Friday, December 12, 2003

In Praise of Mediocrity

The title of the article says it all: Young Success Means Early Death.

Apparently, even after correcting for every other statistical factor, politicians, Nobel laureates, and popes who achieved their success earlier in life tended to die at a younger age.

"Those who climb to the loftiest peaks in the shortest time also die younger. For the eminent, and perhaps for all, an early rise may lead to an early fall."

In my youth, I always ascribed to the faster is better theory, and felt a bit chagrined that it took me until I was 19 to graduate from college (when other friends I knew were already in medical school by that time). Now I realize I should be thankful for my relative lack of early achievement!
Monorail! Monorail! Monorail!

Why does it not surprise me that Santa Cruz is the site of the trial of this wacky idea?

The best part is that investors have already ponied up $2 million. And Homer Simpson will drive the cars.

Thursday, December 11, 2003

The Cylons Are Coming

Though I am reluctant to admit it, I was a big fan of the original Battlestar Galactica in all of its cheez-tastic splendor (Lorne Green! Dirk Benedict! The Cylons who appeared to be the evolutionary descendants of KITT from Knight Rider!). I can actually name specific episodes, like "The Guns of Ice Planet Zero," and remember specific plotlines ("Watch out, it's the Lupus!").

Like many fans, I was a bit worried about the buzz from the new Battlestar Galactica miniseries. Starbuck a woman? Cylons that look like humans?

After watching several hours of action, I can say three things:

1. The new miniseries is almost, but not entirely unfaithful to the original.
2. Despite some slow pacing, the miniseries is much better than the original.
3. Edward James Olmos is outstanding in the lead role.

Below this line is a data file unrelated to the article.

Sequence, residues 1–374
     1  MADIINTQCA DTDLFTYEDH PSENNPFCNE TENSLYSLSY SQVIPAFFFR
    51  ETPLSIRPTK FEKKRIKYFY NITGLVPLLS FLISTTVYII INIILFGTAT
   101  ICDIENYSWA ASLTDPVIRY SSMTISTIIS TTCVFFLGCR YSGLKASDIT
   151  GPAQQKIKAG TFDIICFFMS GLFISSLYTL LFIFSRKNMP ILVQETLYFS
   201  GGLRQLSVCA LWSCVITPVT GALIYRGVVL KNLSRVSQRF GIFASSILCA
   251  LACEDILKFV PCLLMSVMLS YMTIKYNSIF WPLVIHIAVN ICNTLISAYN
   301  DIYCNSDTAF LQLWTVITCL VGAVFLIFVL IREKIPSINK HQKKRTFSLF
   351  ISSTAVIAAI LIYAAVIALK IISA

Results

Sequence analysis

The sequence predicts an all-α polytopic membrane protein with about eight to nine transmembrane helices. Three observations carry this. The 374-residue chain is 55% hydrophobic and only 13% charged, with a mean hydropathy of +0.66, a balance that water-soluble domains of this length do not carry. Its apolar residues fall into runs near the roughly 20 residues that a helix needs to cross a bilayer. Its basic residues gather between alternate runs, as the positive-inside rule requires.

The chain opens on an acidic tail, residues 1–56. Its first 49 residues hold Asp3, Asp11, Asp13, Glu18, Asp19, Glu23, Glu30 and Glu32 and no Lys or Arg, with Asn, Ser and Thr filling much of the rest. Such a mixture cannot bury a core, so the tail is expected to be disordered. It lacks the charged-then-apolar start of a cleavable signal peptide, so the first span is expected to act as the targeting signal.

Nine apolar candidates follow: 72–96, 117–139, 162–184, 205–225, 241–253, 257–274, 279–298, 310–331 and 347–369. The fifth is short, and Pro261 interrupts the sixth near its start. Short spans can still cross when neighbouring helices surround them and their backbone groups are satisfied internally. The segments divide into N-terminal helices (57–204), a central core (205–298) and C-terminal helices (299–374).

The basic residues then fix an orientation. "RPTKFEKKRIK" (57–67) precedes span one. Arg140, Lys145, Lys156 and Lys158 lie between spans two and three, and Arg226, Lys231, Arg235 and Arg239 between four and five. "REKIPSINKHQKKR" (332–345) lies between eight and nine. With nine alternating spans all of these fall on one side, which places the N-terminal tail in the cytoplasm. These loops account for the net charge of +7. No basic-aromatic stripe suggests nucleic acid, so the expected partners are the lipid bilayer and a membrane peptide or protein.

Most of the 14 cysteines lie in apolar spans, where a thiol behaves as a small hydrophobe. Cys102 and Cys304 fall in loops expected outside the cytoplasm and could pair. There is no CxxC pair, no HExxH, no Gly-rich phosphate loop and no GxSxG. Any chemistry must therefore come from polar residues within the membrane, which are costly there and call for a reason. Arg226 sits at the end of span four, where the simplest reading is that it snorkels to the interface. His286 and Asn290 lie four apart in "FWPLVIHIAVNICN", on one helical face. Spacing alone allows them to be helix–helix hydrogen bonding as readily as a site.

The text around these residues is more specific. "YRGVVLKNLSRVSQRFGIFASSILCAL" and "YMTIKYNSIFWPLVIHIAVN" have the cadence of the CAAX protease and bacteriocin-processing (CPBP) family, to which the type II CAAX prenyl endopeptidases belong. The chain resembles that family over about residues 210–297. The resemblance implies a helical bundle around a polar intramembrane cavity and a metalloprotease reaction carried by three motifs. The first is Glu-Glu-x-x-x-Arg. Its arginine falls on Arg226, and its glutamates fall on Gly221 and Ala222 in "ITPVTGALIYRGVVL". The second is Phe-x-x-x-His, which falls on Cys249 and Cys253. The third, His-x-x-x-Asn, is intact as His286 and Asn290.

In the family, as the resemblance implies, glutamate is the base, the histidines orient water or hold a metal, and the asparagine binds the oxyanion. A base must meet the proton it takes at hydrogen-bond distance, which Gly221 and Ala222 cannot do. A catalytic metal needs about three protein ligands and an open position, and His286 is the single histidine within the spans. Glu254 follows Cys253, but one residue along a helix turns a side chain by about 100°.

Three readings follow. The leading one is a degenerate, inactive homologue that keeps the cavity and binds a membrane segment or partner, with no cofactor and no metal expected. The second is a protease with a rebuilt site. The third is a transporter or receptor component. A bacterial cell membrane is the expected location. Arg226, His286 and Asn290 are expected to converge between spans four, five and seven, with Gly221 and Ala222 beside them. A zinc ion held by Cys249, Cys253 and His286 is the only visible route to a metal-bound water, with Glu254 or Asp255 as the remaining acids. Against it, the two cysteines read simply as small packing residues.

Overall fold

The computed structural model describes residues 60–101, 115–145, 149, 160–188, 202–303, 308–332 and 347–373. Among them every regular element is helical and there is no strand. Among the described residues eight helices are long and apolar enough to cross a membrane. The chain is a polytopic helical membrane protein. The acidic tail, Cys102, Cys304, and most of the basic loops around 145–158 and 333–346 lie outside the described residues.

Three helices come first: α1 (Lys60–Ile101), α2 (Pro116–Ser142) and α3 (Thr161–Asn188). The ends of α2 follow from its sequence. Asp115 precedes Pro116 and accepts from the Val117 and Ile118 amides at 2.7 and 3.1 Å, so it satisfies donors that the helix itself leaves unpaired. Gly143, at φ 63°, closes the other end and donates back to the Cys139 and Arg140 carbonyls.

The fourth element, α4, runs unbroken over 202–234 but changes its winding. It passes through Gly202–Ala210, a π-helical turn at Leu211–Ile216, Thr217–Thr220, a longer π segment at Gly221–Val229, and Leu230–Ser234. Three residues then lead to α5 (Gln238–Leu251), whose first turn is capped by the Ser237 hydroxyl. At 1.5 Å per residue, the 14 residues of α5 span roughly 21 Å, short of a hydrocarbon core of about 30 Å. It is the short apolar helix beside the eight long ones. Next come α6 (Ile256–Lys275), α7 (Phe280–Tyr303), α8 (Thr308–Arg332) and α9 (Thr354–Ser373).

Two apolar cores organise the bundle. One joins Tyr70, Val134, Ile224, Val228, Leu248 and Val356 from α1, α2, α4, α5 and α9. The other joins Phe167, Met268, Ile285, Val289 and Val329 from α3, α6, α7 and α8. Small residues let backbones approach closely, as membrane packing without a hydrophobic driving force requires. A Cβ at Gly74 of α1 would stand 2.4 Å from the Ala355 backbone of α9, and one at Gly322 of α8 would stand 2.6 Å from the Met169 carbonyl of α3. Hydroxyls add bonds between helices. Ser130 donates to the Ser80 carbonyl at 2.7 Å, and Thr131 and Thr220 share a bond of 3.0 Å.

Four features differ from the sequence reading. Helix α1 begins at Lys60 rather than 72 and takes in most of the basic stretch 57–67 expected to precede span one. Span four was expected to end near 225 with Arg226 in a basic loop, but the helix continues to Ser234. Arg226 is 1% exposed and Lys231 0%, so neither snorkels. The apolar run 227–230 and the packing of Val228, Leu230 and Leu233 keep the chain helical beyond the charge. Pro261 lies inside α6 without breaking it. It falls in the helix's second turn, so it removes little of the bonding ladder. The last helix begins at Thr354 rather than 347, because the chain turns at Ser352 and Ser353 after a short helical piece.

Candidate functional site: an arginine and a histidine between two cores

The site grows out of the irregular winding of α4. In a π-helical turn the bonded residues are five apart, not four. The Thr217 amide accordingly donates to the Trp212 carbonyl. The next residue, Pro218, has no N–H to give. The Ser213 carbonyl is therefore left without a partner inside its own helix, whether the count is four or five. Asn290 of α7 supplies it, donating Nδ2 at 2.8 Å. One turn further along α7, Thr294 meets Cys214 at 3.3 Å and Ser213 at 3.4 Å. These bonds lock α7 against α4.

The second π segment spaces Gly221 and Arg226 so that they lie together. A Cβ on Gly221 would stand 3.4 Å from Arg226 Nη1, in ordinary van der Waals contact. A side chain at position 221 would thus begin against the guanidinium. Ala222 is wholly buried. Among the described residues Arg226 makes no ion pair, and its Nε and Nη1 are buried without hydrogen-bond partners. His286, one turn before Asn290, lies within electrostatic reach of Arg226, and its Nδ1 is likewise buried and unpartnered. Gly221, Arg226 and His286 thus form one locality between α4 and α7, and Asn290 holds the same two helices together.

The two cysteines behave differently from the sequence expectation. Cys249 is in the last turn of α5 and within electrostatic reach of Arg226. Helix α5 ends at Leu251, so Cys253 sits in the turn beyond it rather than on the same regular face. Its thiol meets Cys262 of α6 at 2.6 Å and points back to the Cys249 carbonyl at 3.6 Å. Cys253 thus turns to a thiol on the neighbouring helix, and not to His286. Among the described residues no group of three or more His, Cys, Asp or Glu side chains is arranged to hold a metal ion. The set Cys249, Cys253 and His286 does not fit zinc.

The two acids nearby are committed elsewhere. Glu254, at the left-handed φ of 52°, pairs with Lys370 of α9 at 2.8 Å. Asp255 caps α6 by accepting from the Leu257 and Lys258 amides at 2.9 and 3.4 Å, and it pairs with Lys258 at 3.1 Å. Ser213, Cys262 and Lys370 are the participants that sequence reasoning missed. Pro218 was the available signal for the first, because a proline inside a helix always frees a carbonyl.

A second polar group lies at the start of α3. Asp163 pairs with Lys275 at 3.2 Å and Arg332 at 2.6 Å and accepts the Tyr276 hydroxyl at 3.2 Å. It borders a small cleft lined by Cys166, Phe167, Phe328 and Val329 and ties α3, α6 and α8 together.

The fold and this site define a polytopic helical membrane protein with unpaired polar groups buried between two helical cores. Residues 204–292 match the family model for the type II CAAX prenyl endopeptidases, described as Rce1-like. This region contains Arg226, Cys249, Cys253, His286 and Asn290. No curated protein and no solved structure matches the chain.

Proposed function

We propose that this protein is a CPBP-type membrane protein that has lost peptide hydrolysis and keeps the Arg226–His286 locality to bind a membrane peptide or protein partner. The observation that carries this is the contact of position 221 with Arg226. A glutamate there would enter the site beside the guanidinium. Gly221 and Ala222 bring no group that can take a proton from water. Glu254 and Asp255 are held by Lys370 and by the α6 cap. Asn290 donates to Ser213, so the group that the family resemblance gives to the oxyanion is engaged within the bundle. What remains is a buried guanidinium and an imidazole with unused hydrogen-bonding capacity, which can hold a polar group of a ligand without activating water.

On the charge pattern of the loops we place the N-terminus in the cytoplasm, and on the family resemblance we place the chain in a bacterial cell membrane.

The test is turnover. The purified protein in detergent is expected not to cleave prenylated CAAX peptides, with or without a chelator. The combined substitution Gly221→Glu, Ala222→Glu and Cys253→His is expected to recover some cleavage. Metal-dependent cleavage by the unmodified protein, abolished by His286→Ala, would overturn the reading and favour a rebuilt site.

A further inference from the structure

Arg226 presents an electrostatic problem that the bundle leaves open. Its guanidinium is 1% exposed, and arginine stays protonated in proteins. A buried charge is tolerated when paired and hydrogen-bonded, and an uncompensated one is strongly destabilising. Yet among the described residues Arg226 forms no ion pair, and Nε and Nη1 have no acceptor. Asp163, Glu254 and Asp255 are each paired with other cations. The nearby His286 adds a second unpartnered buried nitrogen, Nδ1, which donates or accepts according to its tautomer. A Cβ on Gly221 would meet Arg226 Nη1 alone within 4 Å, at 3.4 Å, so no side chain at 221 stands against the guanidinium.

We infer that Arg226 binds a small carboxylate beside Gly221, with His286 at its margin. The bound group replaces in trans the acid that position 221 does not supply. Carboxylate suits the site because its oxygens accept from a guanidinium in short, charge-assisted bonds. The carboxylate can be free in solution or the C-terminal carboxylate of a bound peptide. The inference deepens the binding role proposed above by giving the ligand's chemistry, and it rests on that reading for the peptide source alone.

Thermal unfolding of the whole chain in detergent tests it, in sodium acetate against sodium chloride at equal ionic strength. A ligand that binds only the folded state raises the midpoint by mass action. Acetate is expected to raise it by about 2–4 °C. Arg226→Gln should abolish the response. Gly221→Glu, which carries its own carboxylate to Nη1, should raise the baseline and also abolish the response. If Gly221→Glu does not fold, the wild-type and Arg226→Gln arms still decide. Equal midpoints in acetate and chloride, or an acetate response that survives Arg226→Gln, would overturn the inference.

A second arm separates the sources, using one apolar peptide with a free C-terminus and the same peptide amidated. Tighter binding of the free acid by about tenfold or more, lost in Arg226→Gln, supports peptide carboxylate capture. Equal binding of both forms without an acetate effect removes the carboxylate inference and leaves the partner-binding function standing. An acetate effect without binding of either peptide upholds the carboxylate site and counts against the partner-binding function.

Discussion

Tuesday, December 09, 2003

The Internet and the UN

God help us all, the UN wants to get involved in governing the Internet.
Making Social Networking Work

The key to understanding the social networking phenomenon is realizing that it's really two separate areas. The first area is growing your network. Sites like Friendster place their emphasis on letting you find new friends (although the focus is ostensibly on friends of friends). The second are is leveraging your existing network. Sites like LinkedIn emphasize facilitating information transactions within your existing network.

While Friendster has gotten most of the attention to date, I've become more and more impressed with LinkedIn. Just today, LinkedIn sent me an email announcing the feature I've been screaming about for months: The ability to import your Outlook Contacts to find out which of your contacts are already on LinkedIn. I immediately imported my 1,000+ Contacts, and discovered that about 50 were already on LinkedIn--not bad, considering I had fewer than 30 connections at the beginning of the day.

Plus, with LinkedIn's case-by-case control over making and forwarding requests, it manages to overcome the queasiness that I might feel about sharing my contact list.

I still think that LinkedIn should display Level 1 contacts (friends-of-friends), but they're already making themselves fairly useful. Who knows, in a couple of years, I might even pay for it!

Monday, December 08, 2003

Beating The (Cell Phone) Numbers

About a month ago, I surveyed the various wireless carriers. You see, I knew that number portability was coming on 11/24, and I intended to be ready.

After checking around, I found that T-Mobile offered more minutes at half the cost of AT&T Wireless (my old carrier). As a bonus, while AT&T's coverage is generally better than T-Mobile's, T-Mobile actually worked within my house (I had signed up with AT&T before I moved into my house...and of course I didn't want to give up my phone number).

On November 24, I signed up for T-Mobile and applied to have my number ported. I was told that the port would occur within 4-48 hours. Until then, I'd have to carry around two cell phones--my AT&T phone, and my T-Mobile phone. I figured, what the hey, it's just for one, two days, tops.

A week later, the switch still hadn't happened. And I wasn't alone!

Fortunately, the FCC demanded that AT&T explain their problems by 12/10. Oddly enough, today, my switchover finally happened.

The moral of the story is that you can't fight consumer choice. More are more, companies will have to count on better service, rather than proprietary lock-in, to retain their customers. This is a lesson that AT&T Wireless will soon learn, much to its regret.